"And you cannot say the whole responsibility for this lies with the would-be workers.
"There's a strange flaw in government reasoning that if you somehow got all these people out and plonked them onto the labour market, the jobs would just appear."
Until the credit crunch bit there was less attention on the long-term unemployed because numbers had genuinely fallen, says Professor Alan Manning, of the London School of Economics (LSE).
"But if you are one of those people that remains long-term unemployed that's not much comfort."
Like the rising tide lifting all boats, "the view was that the way to help those people was by having the labour market generally doing well", he says.
He predicts that with rising unemployment, sympathy levels will also rise, as more people have direct or indirect experience of joblessness.
More sympathy but not more opportunities, he says, because the situation for the long-term unemployed is likely to worsen as more qualified recently redundant people flood the market.
"The analogy of the flower shop rings true - employers will pick the freshest flowers and the others will get more and more wilted."
Last week's pre-Budget report put much emphasis on addressing the plight of the newly unemployed, but ministers do acknowledge the ongoing "scar" of long-term unemployment.
Work and Pensions Secretary James Purnell told MPs last week the government would "do everything we can to bring those who have been out of a job for some time back closer to the world of work".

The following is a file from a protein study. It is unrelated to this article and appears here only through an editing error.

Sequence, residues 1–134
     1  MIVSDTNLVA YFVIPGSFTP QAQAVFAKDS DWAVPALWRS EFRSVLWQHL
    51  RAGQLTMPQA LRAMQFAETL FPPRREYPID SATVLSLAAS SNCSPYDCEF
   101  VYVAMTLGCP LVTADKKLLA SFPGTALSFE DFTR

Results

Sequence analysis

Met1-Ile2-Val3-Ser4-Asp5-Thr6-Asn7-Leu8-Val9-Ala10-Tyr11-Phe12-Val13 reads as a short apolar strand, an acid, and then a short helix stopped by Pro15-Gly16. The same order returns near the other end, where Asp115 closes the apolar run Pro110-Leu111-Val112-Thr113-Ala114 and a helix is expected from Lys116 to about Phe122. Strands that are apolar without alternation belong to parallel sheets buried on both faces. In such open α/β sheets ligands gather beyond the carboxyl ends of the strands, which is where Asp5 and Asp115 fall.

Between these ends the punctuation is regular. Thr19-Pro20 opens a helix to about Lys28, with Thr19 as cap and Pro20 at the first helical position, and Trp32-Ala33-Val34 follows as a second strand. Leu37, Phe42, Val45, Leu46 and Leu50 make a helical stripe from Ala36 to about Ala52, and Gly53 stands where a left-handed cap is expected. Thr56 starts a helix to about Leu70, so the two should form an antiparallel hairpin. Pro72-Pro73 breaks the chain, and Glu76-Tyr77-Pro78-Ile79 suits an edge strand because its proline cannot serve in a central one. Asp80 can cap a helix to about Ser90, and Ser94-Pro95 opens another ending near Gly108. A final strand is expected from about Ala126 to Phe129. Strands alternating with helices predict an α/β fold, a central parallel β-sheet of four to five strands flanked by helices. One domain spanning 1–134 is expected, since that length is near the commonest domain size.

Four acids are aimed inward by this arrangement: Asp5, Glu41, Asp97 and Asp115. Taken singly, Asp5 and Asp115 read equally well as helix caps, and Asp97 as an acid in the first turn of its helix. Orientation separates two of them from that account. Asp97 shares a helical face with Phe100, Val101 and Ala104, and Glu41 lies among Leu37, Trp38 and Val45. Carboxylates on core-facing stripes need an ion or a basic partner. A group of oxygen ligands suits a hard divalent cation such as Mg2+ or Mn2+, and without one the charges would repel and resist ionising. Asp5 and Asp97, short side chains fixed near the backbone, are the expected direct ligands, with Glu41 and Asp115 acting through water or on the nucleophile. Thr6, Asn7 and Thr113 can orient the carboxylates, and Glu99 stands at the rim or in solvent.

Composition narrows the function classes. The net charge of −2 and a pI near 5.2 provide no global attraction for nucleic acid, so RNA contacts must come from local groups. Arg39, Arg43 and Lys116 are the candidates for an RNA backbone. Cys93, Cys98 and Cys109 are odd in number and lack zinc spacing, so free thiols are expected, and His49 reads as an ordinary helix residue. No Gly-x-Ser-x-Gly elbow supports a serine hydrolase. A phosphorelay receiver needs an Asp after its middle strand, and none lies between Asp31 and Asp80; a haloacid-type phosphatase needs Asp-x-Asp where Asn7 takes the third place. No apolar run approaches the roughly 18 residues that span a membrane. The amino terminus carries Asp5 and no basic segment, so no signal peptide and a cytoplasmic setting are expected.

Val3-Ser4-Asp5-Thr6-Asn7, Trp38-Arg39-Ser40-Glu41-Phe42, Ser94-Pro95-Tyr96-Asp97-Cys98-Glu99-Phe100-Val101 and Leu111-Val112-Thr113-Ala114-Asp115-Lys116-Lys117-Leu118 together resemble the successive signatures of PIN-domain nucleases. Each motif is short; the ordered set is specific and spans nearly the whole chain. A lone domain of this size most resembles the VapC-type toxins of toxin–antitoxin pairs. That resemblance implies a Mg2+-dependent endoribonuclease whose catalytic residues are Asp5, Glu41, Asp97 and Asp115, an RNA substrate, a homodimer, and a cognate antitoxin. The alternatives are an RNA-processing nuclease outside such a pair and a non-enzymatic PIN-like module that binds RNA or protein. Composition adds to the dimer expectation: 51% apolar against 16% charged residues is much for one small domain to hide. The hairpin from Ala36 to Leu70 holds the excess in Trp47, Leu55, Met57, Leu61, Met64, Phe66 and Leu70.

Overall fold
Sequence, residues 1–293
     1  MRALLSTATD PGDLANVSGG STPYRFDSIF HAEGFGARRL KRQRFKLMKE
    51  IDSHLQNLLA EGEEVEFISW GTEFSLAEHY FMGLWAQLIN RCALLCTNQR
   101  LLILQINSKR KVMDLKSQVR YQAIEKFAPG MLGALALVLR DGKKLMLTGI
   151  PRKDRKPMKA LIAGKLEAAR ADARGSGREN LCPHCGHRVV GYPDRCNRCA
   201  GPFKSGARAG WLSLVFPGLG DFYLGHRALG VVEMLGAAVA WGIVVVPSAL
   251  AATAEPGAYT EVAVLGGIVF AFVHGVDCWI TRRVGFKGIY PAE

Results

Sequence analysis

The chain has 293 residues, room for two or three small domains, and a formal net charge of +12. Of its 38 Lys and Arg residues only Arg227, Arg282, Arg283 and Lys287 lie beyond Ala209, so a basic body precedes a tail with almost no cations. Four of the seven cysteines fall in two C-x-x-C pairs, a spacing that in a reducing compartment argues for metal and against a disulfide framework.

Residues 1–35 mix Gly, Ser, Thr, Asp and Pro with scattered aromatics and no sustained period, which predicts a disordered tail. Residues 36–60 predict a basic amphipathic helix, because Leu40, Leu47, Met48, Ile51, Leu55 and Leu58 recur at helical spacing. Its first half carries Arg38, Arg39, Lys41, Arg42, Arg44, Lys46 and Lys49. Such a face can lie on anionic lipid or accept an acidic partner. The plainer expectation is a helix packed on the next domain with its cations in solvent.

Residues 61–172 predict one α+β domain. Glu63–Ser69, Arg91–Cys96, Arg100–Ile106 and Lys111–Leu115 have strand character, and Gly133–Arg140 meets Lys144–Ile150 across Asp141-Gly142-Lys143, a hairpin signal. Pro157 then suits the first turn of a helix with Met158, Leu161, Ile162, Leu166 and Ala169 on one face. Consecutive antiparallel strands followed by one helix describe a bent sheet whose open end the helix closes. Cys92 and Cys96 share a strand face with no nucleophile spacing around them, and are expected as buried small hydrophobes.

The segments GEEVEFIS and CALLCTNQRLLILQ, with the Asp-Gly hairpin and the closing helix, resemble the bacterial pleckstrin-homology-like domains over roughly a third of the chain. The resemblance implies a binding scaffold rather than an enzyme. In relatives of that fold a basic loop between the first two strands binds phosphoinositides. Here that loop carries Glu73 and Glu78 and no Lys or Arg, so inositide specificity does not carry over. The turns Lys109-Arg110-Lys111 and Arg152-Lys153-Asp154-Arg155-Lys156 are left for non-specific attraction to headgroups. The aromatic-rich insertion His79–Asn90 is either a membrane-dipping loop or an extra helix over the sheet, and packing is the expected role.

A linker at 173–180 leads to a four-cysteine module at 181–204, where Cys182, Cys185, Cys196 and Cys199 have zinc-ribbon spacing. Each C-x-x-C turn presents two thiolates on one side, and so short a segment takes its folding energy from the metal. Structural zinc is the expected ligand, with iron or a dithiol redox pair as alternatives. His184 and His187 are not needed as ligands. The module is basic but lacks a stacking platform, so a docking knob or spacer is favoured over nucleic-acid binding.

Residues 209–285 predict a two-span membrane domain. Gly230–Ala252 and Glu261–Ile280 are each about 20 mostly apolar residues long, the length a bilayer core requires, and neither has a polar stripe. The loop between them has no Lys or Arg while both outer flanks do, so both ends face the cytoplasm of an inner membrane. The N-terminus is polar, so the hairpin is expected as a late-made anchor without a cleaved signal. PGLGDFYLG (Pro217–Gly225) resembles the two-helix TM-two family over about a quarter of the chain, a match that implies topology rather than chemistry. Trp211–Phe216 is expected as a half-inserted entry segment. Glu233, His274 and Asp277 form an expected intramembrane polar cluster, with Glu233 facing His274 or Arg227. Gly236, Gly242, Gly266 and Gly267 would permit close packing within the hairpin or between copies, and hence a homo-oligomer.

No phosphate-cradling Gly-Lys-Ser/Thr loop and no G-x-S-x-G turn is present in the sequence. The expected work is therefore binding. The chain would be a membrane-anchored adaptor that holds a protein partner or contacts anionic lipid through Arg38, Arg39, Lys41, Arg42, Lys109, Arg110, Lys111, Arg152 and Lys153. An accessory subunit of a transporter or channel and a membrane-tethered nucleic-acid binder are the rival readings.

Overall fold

And welfare reforms have been brought in, with more on the table, which the government says will tackle some of the more entrenched areas of joblessness.
The problem, some argue, is that leaders are ignoring the reality of life for the unemployed, and the societal ills that lie behind joblessness and deprivation.
Last year the government ploughed millions into paying for more psychologists to treat people for depression and anxiety, in an attempt to get more people back to work.
Research over decades has consistently shown that joblessness leads to mental ill health.
For people like Drs Fryer and Kenway, putting the emphasis on treating individuals for their "deficiency" in finding work, is damaging.
Dr Fryer is part of the Community Psychology movement, currently small in the UK, but a bigger force in other parts of the world - both rich and poor.
He and fellow campaigners believe social change, not treatment for individuals, is the only way to deal with the distress caused by material inequality, poverty and joblessness.
All the psychologists in the world could never "treat it better" unless the root problems were solved, they say.
"Working with an individual person just means they then compete more effectively against another unemployed person. But it can never do anything other than reorder the queue," adds Dr Fryer.
"Society has become more individualist. And clinical treatment is individualist, which fits conveniently with this idea that all ills are related to the individual."
He likens treating someone depressed because they are unemployed to giving therapy to a woman who is beaten at home then returns each night to an unaltered situation.
"All you are doing," says Dr Fryer, "is making them think differently about being punched."